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Tories’ last minute pay offer is another insult to NHS workers

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Issue 2765
Health workers presenting a petition, with 800,000 signatures, on Wednesday for a 15 percent pay rise
Health workers presenting a petition, with 800,000 signatures, on Tuesday for a 15 percent pay rise (Pic: Guy Smallman)

The Tories wants to cut NHS workers pay. They rushed out a 3 percent pay offer to health workers in England on Wednesday after a day of shambles and chaos.

This is lower than inflation, which was 3.9 percent in June according to the RPI measure.

Earlier in the day health minister Helen Whately stood up in the Commons for a much anticipated statement about pay. Instead, she said absolutely nothing on the subject.

Then later came the 3 percent announcement.

It’s more than the 1 percent the government originally wanted, but is still grossly inadequate.

One nurse tweeted, “3 percent is predictable and pathetic. It’s time to get ballot ready.

“Every major health union should be recommending rejection. It will send a clear message to members—you are ready to fight for them.”

The offer doesn’t even cover all NHS workers. Junior doctors are left out.

Outsourced health workers such as many cleaners and porters are excluded.

Some unions reacted angrily to the Tories’ plan. The GMB union’s statement said, “The pay offer has been sneaked out to avoid parliamentary scrutiny as MPs are packing up for summer.

“And it fails to match the 15 percent pay increase GMB has been calling for.

“GMB will be consulting members on this in the coming weeks and will be recommending they say no to the ‘paltry’ response from the government.”

The Labour Party was slow to put out its own statement and didn’t call for a bigger pay rise. Perhaps that’s because in March it said 2.1 percent would be enough. Now the Tories have gone beyond that.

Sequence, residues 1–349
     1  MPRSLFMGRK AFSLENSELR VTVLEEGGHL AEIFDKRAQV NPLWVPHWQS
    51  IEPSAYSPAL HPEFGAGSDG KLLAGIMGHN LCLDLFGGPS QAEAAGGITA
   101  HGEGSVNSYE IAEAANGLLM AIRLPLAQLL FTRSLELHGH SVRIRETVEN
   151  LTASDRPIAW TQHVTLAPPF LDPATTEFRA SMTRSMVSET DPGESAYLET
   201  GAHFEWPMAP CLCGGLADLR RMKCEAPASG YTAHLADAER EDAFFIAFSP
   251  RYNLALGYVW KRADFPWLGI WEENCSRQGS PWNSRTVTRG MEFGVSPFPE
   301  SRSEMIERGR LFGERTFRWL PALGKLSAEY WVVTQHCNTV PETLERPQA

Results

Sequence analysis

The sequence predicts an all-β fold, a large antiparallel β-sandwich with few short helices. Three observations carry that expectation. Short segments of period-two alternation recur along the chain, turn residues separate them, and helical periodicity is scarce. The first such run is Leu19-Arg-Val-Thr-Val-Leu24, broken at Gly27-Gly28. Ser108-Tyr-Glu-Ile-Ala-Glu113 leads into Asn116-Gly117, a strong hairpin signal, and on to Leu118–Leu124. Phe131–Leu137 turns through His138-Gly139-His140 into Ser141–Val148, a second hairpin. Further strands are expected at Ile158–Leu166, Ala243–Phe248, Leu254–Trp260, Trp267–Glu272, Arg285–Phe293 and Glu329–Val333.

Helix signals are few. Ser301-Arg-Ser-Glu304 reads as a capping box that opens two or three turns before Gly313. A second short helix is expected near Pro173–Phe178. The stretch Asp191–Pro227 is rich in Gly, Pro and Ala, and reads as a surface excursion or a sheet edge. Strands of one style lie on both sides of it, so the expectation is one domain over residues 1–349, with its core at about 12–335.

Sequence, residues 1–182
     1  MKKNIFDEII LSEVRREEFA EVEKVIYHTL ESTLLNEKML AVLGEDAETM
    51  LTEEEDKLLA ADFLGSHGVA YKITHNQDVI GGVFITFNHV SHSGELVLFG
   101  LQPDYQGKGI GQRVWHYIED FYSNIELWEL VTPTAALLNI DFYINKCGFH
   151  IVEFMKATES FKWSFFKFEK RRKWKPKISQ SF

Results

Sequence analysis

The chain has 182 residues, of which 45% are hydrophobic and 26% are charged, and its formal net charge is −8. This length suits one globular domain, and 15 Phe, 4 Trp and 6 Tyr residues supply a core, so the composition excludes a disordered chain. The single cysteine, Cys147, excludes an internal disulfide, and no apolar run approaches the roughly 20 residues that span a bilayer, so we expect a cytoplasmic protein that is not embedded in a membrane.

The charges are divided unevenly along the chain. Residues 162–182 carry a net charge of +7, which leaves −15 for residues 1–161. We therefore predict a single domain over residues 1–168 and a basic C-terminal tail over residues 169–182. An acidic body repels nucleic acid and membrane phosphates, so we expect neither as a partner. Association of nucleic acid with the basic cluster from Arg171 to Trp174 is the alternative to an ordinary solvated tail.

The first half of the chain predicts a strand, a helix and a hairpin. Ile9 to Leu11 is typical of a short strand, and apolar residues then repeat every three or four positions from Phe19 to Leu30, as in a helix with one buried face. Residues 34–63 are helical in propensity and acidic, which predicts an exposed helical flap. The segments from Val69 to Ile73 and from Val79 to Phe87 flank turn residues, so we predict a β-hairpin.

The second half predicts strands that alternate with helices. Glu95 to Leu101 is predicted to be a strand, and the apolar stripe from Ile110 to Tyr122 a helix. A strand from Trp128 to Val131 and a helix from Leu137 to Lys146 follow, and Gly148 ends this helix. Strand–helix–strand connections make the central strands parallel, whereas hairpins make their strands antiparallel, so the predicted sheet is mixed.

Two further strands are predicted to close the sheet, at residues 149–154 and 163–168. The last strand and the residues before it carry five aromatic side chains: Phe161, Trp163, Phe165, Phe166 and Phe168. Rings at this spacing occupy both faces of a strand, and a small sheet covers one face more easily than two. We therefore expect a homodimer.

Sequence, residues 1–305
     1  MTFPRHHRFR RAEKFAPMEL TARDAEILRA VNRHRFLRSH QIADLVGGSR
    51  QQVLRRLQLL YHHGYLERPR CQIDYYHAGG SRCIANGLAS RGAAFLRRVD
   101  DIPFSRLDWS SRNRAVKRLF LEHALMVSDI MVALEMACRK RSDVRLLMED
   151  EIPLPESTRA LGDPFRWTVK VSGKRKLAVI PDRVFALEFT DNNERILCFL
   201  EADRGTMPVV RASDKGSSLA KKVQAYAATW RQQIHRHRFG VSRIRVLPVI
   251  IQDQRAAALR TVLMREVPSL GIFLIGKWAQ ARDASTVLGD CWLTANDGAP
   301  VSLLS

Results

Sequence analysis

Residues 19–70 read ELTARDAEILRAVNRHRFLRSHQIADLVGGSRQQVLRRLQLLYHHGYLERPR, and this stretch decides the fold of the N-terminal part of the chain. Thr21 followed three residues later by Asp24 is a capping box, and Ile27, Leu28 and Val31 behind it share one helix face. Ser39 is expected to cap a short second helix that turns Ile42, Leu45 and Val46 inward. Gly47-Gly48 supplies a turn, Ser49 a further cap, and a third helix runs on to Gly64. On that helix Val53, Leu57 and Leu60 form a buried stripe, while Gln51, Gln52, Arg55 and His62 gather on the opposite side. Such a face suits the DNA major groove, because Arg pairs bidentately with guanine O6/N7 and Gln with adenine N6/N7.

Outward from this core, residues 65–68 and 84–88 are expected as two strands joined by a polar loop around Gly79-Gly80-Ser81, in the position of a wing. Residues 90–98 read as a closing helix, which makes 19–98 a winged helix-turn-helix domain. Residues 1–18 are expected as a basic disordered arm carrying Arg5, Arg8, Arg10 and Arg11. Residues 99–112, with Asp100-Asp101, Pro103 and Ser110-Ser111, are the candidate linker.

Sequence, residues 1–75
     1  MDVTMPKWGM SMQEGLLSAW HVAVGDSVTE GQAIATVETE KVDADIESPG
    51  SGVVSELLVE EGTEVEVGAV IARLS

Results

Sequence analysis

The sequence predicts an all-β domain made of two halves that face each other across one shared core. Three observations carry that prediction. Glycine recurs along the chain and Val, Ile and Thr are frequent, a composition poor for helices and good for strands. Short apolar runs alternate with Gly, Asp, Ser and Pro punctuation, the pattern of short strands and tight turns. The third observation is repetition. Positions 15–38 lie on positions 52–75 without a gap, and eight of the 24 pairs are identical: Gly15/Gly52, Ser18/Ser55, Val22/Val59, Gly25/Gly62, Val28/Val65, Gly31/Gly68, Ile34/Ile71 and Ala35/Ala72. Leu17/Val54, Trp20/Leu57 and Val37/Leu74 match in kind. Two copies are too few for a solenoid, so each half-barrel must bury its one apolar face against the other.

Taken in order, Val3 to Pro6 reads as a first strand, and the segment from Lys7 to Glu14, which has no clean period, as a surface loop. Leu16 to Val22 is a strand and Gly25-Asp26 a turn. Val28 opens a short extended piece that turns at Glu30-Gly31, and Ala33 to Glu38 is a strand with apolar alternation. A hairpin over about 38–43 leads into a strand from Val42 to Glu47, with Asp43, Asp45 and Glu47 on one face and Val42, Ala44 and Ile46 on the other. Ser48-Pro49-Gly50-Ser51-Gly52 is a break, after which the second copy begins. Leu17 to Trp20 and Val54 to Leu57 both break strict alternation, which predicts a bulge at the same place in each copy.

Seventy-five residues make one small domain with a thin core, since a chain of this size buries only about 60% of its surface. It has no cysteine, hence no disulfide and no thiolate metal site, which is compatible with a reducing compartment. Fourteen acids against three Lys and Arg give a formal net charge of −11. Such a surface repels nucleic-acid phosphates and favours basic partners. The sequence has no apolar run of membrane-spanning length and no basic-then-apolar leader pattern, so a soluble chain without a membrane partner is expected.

Labour was far happier attacking the pay freeze for most police which was also confirmed on Wednesday.

And the Labour government in Wales has also announced only a 3 per cent rise for NHS workers.

Diana, an east London NHS worker, told Socialist Worker, “Just as we face another wave of Covid-19, we get this insult.

“After a decade of real term cuts to pay, they offer another cut.

“Every day of delay and shrinking wages means more people feel demoralised and leave. It means more people who feel real hardship.”

She added, “The unions need to go on the offensive.”


It’s time for workers and the unions to organise to fight and strike. There is huge public support for NHS workers. Their resistance could become the focus for all those who are sickened by the Tories, their corruption and their appalling handling of Covid-19.

Unfortunately, there is little sign of real urgency from the union leaders.

The Unison union said it had “called an emergency meeting of our elected committee of NHS workers”. “Be assured,” it said, “members will be hearing from us very soon to ask what you want your union’s next steps to be.”

The NHS workers leading a grassroots pay revolt say—‘we’ve had enough!’
The NHS workers leading a grassroots pay revolt say—‘we’ve had enough!’
  Read More

The Royal College of Nursing (RCN) said, “Nursing staff will remain dignified in responding to what will be a bitter blow to many. But the profession will not take this lying down. We will be consulting our members on what action they would like to take next.”

It had announced a £35 million industrial action fund earlier this year. But a document sent to its workplace reps last week, seen by the Nursing Notes website, underlines how unwilling its leaders are to confront the government.

“Industrial action is a last resort”, the document highlights numerous times in bold red letters.

It lays out how the RCN would hold three ballots before any action—even though the first two are not a legal requirement.

First the union would ballot on whether people accepted the offer. If it was rejected, then there would be a consultative ballot over support for some form of action.

And only if RCN members responded favourably, would there be the formal ballot under the anti-union laws.

It will take an explosion of anger from below to burst through this bureaucratic foot-dragging and lack of confidence in a fightback.

Health workers need to build in their workplaces, strengthen the networks of activists—and demand support from workers and trade unionists everywhere. 

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